#1: The $100B+ Commercial OSS Company Index (COSSCI)
Written by Joseph Jacks on Jun 20, 2018
In January 2016, I previously wrote about the paradoxical cognitive dissonance surrounding commercial OSS dynamics, possibilities and questions/opinions thereof. Motivating that post was a lively Twitter exchange of thoughts and ideas between Luke Kanies, the founder of Puppet, and Derek Collison, the founder of Cloud Foundry.
After that Twitter exchange, I was inspired to open source a spreadsheet I had been maintaining — entitled “commercial open source software company index”. From here on, I’ll just call it “COSSCI”, pronounced “cozy” — the “cozy index”. 😻
This first post is a re-introduction to COSSCI, its company selection criteria, how COSSCI is maintained, and various COSSCI-driven topics we will explore in future posts!
COSSCI is a public, read-only, comment-friendly, actively maintained Google Sheet that lists the “top quartile” companies building B2B (enterprise-focused) and/or B2C (developer-focused) software businesses relying on OSS.
But what defines a commercial OSS company, anyway? This question has been the source of great contention across many discussions.
Here is my definition of what constitutes a “commercial OSS company/business”:
If a given company heavily relies on and/or builds upon/extends an OSS project as the fundamental building block justifying its existence, it is definitionally a “commercial OSS company”.
GitHub would not exist without Git. Yes, they may not contribute back to Git as much as some other companies (Google, others) and yes their product may mostly be closed source (open core.. future posts will elaborate on this), but they fundamentally rely on Git — an OSS project.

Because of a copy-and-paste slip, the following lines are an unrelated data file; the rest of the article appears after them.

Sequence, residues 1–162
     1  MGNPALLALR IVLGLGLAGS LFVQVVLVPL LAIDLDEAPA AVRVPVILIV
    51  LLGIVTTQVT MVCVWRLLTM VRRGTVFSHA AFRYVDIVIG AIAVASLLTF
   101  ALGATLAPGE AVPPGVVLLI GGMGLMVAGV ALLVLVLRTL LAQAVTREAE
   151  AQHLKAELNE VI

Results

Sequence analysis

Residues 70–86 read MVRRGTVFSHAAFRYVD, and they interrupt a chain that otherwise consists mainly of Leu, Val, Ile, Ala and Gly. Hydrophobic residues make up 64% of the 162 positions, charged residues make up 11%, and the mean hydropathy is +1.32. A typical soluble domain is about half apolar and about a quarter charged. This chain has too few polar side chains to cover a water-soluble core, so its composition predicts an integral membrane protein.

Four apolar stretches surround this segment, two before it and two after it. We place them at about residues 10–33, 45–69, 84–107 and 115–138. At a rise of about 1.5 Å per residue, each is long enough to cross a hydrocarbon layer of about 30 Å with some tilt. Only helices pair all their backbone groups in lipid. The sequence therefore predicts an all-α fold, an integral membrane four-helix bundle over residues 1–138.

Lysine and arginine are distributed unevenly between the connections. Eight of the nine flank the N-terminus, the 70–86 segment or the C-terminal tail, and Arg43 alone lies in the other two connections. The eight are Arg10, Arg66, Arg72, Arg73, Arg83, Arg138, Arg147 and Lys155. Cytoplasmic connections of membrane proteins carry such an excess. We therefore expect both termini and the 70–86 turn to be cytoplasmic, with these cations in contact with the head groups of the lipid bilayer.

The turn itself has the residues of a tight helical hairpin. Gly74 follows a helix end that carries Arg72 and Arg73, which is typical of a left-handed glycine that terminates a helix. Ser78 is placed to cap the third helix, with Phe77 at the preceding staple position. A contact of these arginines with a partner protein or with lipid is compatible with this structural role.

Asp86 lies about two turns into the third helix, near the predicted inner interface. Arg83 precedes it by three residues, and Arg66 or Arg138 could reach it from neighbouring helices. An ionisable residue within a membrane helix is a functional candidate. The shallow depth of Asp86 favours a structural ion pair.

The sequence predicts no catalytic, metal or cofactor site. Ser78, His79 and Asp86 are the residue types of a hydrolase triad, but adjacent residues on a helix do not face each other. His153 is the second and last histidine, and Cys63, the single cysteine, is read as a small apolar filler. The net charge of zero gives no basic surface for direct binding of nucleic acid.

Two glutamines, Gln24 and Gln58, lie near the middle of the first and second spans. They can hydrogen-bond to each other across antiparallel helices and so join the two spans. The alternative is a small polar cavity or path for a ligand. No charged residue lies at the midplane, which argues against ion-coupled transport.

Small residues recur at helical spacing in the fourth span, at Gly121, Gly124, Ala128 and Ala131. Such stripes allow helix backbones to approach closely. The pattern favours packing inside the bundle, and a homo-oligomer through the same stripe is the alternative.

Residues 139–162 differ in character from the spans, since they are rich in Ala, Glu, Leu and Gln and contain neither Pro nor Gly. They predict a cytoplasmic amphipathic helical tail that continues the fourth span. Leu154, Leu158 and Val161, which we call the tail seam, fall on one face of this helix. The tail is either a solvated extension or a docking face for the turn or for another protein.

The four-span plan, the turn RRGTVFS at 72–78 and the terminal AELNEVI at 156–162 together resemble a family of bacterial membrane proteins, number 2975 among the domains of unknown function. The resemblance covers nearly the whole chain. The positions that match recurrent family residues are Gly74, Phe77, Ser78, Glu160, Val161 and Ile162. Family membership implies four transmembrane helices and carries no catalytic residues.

Fastly would not exist without Varnish. Sure, they could build their own proprietary version of Varnish, but they are fundamentally reliant on Varnish as the core software ingredient of their product and business.
Metric: I chose a top-line revenue metric as the main criteria since this is the best way to determine the overall health of a high-growth startup / company.
Number: $100M, specifically, because this number is usually associated with large M&A events, IPO-readiness, a level of revenue predictability and quality that takes years to develop and business durability.
Timeframe: A given company must have either A) generated $100M or more in revenue within a full previous calendar year / 12 trailing months or B) be on a $100M run-rate — meaning the (growing) revenue within a single quarter meets or exceeds $25M
How COSSCI is maintained
Once a month, I manually parse through the sheet and edit the values for employee count, total VC raised (but this is more asynchronous.. I usually notice the funding events) and revenue / valuation data go hand-in-and — I’ll share some heuristics on how I compute these numbers in the future.
Here is some commentary on the data tracked in COSSCI:
Company Name (pretty important detail)